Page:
11. Groundwater quality in the Lake Champlain and Susquehanna River basins, New York, 2014

    Scott, Tia-Marie; Nystrom, Elizabeth A.; Reddy, James E.

    2016-11-04

    In a study conducted by the U.S. Geological Survey in cooperation with the New York State Department of Environmental Conservation, groundwater samples were collected from 6 production wells and 7 domestic wells in the Lake Champlain Basin and from 11 production wells and 9 domestic wells in the Susquehanna River Basin in New York. All samples were collected from June through December 2014 to characterize groundwater quality in these basins. The samples were collected and processed using standard procedures of the U.S. Geological Survey and were analyzed for 148 physiochemical properties and constituents, including dissolved gases, major ions, nutrients, trace elements, pesticides, volatile organic compounds, radionuclides, and indicator bacteria.The Lake Champlain Basin study area covers the 3,050 square miles of the basin in northeastern New York; the remaining part of the basin is in Vermont and Canada. Of the 13 wells sampled in the Lake Champlain Basin, 6 are completed in sand and gravel, and 7 are completed in bedrock. Groundwater in the Lake Champlain Basin was generally of good quality, although properties and concentrations of some constituents— fluoride, iron, manganese, dissolved solids, sodium, radon-222, total coliform bacteria, fecal coliform bacteria, and Escherichia coli bacteria—sometimes equaled or exceeded primary, secondary, or proposed drinking-water standards. The constituent most frequently detected in concentrations exceeding drinking-water standards (5 of 13 samples) was radon-222.The Susquehanna River Basin study area covers the entire 4,522 square miles of the basin in south-central New York; the remaining part of the basin is in Pennsylvania. Of the 20 wells sampled in the Susquehanna River Basin, 11 are completed in sand and gravel, and 9 are completed in bedrock. Groundwater in the Susquehanna River Basin was generally of good quality, although properties and concentrations of some constituents—pH, chloride, sodium, dissolved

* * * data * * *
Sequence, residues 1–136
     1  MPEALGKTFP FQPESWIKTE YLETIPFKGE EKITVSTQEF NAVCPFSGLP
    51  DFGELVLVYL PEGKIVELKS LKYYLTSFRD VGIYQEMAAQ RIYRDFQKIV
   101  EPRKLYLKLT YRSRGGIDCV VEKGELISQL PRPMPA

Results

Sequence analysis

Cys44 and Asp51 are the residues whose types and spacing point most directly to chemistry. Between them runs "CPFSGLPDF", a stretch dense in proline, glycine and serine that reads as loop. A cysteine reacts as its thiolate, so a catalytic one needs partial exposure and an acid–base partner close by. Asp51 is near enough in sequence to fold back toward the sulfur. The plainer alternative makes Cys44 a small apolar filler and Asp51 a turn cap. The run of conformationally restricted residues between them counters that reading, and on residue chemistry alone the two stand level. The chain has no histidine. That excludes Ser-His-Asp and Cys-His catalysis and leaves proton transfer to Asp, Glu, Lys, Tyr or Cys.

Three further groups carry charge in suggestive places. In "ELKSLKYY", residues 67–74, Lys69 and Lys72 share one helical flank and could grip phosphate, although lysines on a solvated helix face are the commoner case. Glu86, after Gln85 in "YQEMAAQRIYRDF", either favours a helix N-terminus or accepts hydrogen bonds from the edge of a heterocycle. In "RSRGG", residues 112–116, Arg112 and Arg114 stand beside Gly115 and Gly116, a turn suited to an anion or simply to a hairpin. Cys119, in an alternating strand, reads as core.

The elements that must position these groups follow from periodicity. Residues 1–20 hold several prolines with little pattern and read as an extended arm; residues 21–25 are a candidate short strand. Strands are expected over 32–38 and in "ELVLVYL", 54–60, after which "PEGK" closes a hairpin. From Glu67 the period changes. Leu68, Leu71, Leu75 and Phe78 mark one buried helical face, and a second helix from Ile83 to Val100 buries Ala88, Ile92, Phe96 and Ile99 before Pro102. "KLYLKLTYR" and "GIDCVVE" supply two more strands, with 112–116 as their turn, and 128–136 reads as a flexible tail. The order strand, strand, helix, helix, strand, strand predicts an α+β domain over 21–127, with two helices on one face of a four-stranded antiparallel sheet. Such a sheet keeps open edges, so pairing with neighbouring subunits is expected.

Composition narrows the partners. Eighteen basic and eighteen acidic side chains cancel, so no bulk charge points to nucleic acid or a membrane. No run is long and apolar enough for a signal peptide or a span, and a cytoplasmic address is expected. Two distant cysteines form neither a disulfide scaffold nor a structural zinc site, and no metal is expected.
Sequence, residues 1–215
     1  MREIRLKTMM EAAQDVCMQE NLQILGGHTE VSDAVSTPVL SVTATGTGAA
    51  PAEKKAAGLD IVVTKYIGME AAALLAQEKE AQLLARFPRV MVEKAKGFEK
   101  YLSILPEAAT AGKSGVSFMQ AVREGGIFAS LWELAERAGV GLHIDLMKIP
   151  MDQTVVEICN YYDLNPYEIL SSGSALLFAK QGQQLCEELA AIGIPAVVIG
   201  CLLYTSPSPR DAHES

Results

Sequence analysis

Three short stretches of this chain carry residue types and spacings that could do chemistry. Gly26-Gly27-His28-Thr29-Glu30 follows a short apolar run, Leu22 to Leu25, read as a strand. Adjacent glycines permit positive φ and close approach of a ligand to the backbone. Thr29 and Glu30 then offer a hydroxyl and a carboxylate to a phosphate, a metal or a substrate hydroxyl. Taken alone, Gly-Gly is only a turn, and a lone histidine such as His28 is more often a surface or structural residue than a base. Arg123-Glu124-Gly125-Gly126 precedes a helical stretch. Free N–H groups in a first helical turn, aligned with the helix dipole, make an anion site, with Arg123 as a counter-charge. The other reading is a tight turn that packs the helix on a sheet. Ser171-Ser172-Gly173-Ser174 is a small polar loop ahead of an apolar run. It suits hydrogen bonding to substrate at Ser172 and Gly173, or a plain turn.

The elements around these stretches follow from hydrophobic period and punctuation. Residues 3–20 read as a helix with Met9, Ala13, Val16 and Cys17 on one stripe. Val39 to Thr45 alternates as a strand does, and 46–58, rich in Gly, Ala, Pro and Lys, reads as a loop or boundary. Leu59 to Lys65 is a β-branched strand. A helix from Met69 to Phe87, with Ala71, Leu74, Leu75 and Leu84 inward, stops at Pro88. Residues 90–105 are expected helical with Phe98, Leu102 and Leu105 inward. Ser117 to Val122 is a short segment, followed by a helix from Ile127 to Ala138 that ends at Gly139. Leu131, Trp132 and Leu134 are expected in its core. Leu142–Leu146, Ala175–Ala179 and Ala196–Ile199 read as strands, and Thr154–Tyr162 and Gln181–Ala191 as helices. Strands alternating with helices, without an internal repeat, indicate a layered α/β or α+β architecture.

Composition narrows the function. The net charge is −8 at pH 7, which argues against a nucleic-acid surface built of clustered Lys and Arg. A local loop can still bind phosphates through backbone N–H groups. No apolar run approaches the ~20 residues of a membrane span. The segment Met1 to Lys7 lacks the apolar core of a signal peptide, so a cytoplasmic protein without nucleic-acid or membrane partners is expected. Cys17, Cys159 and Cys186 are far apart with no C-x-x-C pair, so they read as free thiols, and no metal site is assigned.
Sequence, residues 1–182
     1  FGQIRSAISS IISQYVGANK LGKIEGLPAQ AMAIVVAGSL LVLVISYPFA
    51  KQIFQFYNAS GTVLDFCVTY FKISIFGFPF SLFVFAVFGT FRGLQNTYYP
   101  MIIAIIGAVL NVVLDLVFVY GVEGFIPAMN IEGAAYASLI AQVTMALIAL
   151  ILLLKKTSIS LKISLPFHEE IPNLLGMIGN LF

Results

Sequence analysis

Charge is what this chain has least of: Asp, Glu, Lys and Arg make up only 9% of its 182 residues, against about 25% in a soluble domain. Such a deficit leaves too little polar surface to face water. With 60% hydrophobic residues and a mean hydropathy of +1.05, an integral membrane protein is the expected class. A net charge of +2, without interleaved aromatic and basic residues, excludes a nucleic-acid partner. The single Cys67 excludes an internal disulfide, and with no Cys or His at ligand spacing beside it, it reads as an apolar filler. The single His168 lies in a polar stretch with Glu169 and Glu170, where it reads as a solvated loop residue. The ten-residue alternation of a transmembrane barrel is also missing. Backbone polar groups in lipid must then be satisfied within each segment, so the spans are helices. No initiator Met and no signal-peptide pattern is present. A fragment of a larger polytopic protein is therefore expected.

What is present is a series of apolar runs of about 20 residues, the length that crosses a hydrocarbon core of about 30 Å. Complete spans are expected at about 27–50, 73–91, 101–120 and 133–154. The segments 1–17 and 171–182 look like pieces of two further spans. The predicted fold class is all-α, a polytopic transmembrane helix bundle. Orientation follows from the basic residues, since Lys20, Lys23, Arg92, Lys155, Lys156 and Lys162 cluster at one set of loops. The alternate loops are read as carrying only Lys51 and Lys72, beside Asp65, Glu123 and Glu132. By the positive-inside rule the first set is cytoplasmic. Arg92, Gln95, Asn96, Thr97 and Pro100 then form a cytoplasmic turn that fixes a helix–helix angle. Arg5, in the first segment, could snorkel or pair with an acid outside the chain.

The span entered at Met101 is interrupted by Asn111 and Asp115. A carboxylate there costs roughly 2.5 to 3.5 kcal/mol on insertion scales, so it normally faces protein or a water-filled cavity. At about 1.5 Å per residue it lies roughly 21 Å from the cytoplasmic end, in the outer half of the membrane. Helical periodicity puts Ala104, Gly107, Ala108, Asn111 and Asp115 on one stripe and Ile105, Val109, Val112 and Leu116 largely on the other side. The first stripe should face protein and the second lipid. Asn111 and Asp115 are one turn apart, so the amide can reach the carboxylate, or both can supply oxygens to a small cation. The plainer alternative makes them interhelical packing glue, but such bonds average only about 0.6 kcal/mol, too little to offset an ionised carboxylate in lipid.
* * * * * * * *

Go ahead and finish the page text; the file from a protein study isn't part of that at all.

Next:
12. Spatial analysis of plant detritus processing in a Mediterranean River type: the case of the River Tirso Basin, Sardinia, Italy

    2003-01-01